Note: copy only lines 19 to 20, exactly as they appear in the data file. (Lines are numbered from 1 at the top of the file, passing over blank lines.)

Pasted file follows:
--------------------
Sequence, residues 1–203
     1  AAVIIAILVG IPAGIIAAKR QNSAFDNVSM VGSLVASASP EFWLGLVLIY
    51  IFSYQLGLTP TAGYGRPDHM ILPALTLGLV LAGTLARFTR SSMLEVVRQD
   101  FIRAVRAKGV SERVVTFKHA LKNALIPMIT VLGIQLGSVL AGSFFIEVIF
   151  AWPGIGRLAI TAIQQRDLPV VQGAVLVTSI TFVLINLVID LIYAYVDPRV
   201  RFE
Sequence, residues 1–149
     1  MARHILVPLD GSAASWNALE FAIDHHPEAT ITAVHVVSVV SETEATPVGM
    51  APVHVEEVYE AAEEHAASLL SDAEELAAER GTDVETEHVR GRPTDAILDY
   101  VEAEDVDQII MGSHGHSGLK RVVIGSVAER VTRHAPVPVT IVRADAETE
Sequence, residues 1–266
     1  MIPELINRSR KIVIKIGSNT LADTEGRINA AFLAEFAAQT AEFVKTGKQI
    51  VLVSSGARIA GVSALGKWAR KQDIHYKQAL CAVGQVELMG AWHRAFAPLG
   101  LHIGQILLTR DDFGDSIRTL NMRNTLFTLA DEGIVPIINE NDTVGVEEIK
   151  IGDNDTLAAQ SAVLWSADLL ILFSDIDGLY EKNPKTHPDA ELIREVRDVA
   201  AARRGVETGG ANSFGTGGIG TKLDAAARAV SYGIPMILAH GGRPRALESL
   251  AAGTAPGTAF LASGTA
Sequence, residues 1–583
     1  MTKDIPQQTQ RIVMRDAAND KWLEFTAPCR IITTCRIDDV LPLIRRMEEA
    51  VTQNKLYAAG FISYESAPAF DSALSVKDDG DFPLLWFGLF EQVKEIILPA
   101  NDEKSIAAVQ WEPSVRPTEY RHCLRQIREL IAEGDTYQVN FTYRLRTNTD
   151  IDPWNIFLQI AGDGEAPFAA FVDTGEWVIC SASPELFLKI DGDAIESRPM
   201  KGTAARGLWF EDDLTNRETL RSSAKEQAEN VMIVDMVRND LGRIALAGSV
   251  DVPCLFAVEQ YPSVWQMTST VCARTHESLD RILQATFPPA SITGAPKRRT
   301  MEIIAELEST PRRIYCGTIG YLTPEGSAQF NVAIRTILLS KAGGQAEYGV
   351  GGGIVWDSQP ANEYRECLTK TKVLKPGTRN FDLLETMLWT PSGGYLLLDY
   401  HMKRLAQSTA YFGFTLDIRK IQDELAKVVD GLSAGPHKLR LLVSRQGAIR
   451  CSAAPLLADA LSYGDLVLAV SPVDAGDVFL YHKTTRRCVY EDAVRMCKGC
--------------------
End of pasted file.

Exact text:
     1  MTKDIPQQTQ RIVMRDAAND KWLEFTAPCR IITTCRIDDV LPLIRRMEEA
    51  VTQNKLYAAG FISYESAPAF DSALSVKDDG DFPLLWFGLF EQVKEIILPA